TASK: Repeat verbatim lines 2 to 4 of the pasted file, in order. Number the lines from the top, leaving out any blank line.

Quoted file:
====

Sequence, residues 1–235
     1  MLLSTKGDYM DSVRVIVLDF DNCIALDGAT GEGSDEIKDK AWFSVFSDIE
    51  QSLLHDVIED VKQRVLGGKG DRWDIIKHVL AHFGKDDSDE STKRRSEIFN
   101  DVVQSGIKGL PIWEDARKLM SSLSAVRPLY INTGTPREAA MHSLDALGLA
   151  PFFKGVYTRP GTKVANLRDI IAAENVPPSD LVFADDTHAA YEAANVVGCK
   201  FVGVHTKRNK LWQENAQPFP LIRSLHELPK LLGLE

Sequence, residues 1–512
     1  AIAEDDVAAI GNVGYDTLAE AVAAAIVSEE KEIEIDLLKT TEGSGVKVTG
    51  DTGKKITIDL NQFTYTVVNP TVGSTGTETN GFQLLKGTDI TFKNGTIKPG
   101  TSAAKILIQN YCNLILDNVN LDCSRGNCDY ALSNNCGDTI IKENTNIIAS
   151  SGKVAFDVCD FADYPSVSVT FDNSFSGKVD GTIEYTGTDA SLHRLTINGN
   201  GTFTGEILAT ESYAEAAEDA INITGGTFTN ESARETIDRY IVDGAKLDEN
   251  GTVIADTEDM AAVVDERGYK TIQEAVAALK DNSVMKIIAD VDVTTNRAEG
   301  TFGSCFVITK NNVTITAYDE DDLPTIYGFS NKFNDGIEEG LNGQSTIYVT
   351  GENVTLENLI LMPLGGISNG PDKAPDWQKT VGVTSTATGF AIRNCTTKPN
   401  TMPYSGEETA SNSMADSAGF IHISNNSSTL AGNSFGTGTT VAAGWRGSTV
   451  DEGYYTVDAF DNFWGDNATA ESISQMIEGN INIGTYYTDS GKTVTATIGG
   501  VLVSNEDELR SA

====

     1  MLLSTKGDYM DSVRVIVLDF DNCIALDGAT GEGSDEIKDK AWFSVFSDIE
    51  QSLLHDVIED VKQRVLGGKG DRWDIIKHVL AHFGKDDSDE STKRRSEIFN
   101  DVVQSGIKGL PIWEDARKLM SSLSAVRPLY INTGTPREAA MHSLDALGLA